What Is Accretion In Real Estate? Facts You Need To Know About Accretion Real Estate

0
271
accretion real estate

Accretion in real estate

The term accretion real estate refers to land that forms gradually through natural forces rather than being subdivided by construction. This process, which adds new property sections beginning at the water’s edge and moving land inward, continues over time as erosion, flooding, weathering, and other natural processes take their toll on shorelines.

By natural processes, portions of soil are gradually deposited onto the soil already owned by the owner. Between the time a will is written and the date of death of the testator-the person who wrote it-the increase in value of a specific item bequeathed to a beneficiary. There are two types of land expansion: (1) by alluvion (washing of soil or sand) and (2) by dereliction (shrinkage of the sea below its usual watermark). Alluvion and accretion are often interchangeably used, but alluvion refers to the deposit while accumulation refers to the process of accumulating the sediment. Relicts are not accreted land but land uncovered by subsided water.

Accretion is the legal principle

Accretion is the legal principle that any naturally formed, gradual extension of a tract of land belongs to the owner of the original parcel. This concept applies to both riparian and littoral landowners. Accretion to a riparian box occurs when new land is formed through natural causes along the shoreline. Littoral parcels accrete when new land is developed away from the water. In either case, accretion does not change a boundary line or create a new field of land unless it results in a distinct addition to the original tract.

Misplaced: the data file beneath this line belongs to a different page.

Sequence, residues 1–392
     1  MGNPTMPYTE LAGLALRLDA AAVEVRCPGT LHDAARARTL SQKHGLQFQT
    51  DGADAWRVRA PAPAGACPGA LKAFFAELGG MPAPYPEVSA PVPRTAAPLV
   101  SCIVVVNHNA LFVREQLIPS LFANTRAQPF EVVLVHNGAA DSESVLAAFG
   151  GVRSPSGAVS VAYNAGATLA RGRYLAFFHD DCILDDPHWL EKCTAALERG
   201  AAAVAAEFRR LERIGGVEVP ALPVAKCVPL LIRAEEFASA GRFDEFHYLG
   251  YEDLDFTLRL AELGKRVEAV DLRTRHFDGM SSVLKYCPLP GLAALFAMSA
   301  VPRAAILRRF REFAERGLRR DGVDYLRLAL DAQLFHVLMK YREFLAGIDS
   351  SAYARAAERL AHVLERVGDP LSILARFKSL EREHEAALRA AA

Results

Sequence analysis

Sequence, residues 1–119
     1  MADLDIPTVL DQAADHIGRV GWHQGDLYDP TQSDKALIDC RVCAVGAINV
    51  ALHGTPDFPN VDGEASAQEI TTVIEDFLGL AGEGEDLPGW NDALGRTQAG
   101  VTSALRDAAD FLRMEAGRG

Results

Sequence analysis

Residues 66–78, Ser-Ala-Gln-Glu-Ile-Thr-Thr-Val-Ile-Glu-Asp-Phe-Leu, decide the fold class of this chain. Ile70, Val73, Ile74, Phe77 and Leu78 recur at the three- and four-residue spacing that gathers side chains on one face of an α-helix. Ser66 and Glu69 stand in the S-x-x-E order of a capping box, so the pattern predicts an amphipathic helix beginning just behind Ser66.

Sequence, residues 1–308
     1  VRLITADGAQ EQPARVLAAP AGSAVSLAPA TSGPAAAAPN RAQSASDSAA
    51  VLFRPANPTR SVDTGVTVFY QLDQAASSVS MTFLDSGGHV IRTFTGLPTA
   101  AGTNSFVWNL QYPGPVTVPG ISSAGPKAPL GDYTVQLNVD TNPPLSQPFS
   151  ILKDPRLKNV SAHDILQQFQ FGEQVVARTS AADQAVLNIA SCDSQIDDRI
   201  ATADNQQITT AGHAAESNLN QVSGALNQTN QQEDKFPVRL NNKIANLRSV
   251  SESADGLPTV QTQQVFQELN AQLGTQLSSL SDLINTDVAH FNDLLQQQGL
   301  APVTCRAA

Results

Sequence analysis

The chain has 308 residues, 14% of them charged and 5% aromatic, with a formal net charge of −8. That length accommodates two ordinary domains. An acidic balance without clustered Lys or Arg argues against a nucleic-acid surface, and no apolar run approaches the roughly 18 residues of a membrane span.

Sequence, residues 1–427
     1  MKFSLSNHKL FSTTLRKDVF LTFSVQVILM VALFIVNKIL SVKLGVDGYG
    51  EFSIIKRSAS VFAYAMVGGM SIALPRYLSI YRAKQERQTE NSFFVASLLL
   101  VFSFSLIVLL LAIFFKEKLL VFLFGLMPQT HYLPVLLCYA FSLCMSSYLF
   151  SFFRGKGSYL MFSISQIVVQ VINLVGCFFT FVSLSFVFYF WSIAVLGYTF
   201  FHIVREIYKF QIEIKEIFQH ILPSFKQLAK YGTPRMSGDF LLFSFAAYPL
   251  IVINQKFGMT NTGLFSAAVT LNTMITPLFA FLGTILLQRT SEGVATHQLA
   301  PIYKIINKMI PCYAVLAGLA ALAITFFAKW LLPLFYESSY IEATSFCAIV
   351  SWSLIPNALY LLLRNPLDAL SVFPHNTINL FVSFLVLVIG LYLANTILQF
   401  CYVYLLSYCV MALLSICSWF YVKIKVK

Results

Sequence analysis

Accretion usually occurs along rivers and streams, tidal estuaries, and other areas subject to a constant water flow. But it can occur on lakes, ponds, and other non-moving bodies of water. When accretion forms a new parcel of land between a riparian owner’s property and a lake or pond, he may acquire the additional area by adverse possession if it has been so used for so long that its continued use can be presumed to have been permissive. In cases where the littoral or riparian owner fails to claim accretion land, the title automatically reverts to the state.

Riparian and littoral landowners           

The concept applies to both riparian and littoral landowners. Accretion to a riparian parcel occurs when new land is formed through natural causes along the shoreline.  Littoral parcels accrete when new land is developed away from the water. In either case, accretion does not change a boundary line or create a new field of land unless it results in a distinct addition to the original tract. Accumulation usually occurs along rivers and streams, tidal estuaries, and other areas subject to a constant water flow.